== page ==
Uma can’t help feeling small when she peers up at the night sky. She begins to wonder about infinity. Is infinity a number that grows forever? Is it an endless racetrack? Could infinity be in an ice cream cone? Uma soon finds that the ways to think about this big idea may just be . . . infinite.

“A stellar artistic vision of the infinite power of intergenerational love.” — starred, Kirkus Reviews

“Even for adults, this is an enormously complex idea—scientifically, mathematically, philosophically—but Hosford smoothly distills it to a manageable serving that will both engage and challenge kids. Swiatkowska’s art, too, is remarkable at this elucidation, illustrating the text literally but with appropriately disorienting and surreal details that combine to whimsical, visually stunning effect.” — The Horn Book Magazine

The Vast Wonder of the World: Biologist Ernest Everett Just by Mélina Mangal, illustrated by Luisa Uribe

A Children’s Book Committee at Bank Street College Best Children’s Book of the Year

The Vast Wonder of the World cover
  • Interest Level: Grade 1 – Grade 4

Extraordinary illustrations and lyrical text present pioneering African American scientist Ernest Everett Just.

Ernest Everett Just was not like other scientists of his time. He saw the whole, where others saw only parts. He noticed details others failed to see. He persisted in his research despite the discrimination and limitations imposed on him as an African American. His keen observations of sea creatures revealed new insights about egg cells and the origins of life.

Through stunning illustrations and lyrical prose, this picture book presents the life and accomplishments of this long overlooked scientific pioneer.

“A must-purchase picture book biography of a figure sure to inspire awe and admiration among readers.” — starred, School Library Journal

“[A] vivid, inspiring tribute to a noteworthy life.” — Publishers Weekly

Picnic Planet: A Lunchtime Guide to Your Galaxy’s Exoplanets by Asa Stahl, illustrated by Nadia Hsieh

Picnic Planet cover
  • Interest Level: Grade 2 – Grade 5

Join an astrophysicist on a trip around the galaxy to explore worlds beyond our own.

If you could go anywhere beyond our galaxy for the perfect picnic, where would you go? Asa Stahl, an NSTA award-winner for his previous book The Big Bang Book, introduces readers to some of the fascinating exoplanets we know about it. This is science at its most fantastical. What other worlds are out there, and will the young person reading this book grow up to discover even more?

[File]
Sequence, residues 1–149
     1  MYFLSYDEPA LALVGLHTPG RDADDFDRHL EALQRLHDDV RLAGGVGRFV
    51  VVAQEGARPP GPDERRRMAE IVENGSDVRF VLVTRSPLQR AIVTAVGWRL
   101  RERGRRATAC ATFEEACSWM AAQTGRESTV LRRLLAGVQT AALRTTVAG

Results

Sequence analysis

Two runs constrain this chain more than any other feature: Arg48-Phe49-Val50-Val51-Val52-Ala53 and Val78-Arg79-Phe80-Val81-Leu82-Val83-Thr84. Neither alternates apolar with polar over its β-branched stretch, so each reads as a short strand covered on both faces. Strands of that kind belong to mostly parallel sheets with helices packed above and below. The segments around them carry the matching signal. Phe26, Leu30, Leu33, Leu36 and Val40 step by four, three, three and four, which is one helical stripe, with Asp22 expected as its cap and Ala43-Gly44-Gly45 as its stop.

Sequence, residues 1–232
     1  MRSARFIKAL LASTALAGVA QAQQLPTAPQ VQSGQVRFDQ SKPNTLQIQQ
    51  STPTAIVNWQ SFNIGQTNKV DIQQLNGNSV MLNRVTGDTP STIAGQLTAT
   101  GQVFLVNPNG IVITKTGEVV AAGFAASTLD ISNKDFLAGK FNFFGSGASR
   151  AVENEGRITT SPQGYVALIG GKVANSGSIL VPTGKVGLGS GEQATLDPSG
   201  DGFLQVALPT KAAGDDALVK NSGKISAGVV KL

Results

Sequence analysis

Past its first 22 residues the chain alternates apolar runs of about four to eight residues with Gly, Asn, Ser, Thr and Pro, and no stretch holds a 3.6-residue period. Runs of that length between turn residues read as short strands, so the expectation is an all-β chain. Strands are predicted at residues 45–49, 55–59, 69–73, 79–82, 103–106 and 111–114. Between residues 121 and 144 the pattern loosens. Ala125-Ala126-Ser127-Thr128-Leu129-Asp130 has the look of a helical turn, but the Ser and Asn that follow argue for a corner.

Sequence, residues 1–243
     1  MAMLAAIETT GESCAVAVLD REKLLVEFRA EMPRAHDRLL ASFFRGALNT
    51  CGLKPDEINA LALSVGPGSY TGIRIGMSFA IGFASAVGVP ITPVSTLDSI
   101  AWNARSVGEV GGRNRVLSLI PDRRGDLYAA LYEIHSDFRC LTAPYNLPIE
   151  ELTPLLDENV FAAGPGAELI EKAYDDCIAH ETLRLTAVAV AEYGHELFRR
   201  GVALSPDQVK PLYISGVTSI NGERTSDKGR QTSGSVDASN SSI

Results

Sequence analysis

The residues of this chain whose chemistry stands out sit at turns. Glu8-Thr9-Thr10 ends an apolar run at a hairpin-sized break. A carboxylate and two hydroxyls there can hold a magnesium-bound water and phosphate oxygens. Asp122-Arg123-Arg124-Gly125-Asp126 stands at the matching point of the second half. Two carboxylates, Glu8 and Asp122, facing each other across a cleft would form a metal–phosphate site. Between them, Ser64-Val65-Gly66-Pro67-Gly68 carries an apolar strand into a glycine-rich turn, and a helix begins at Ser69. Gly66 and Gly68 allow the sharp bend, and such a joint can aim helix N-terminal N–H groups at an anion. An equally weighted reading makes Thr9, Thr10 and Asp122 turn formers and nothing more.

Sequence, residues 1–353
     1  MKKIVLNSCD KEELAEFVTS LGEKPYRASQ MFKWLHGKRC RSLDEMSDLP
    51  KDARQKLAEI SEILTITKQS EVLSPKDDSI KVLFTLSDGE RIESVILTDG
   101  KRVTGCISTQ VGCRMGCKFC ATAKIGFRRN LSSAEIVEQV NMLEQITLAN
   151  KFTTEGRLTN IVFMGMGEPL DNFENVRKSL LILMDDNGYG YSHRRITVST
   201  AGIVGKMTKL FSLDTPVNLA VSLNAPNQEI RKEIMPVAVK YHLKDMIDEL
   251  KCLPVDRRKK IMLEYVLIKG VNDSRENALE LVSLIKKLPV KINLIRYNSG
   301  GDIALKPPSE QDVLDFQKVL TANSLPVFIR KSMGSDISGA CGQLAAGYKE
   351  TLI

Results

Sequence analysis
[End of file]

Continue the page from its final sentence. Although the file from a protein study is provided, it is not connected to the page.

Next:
“Too far to go in a spaceship but just right for a flight of imagination.”—Kirkus Reviews 

Wild Inventions: Ideas Inspired by Animals by Sandra Markle

From the Series Sandra Markle’s Science Discoveries

Wild Inventions cover
  • Interest Level: Grade 4 – Grade 6

Where do inventors find inspiration? Sometimes they look to animals—which is known as bioinspiration! Author Sandra Markle presents twelve animal adaptations and the amazing technological advancements they’ve inspired. From dolphins and bats inspiring sonar and lidar to sharks and pangolins inspiring different types of armor, explore the marvelous world of nature-based inventions.

Strange Science Series

  • Interest Level: Grade 4 – Grade 7

Reality can be harsh—so why not jump to a new reality? Is that even possible?

Explore some of the most popular sci-fi tropes from popular books, shows, and movies. Then, learn how they’re grounded in reality. From alternate realities to time travel, these ideas are now part of our everyday lives, even if they’re not quite “real” yet. But is there any scientific basis behind them? Could we someday make things like warp drives, simulations, and cybernetic limbs reality? Or are we just in a perpetual plot hole? Strange Science is the series that will find out.

Graphic Science Biographies Series

  • Interest Level: Grade 5 – Grade 8

Explore the lives of scientists who changed how people see the world. The books follow famous scientists from their childhoods onward, inspiring young readers to value of their own curiosity and creativity.

Find more great STEM books here!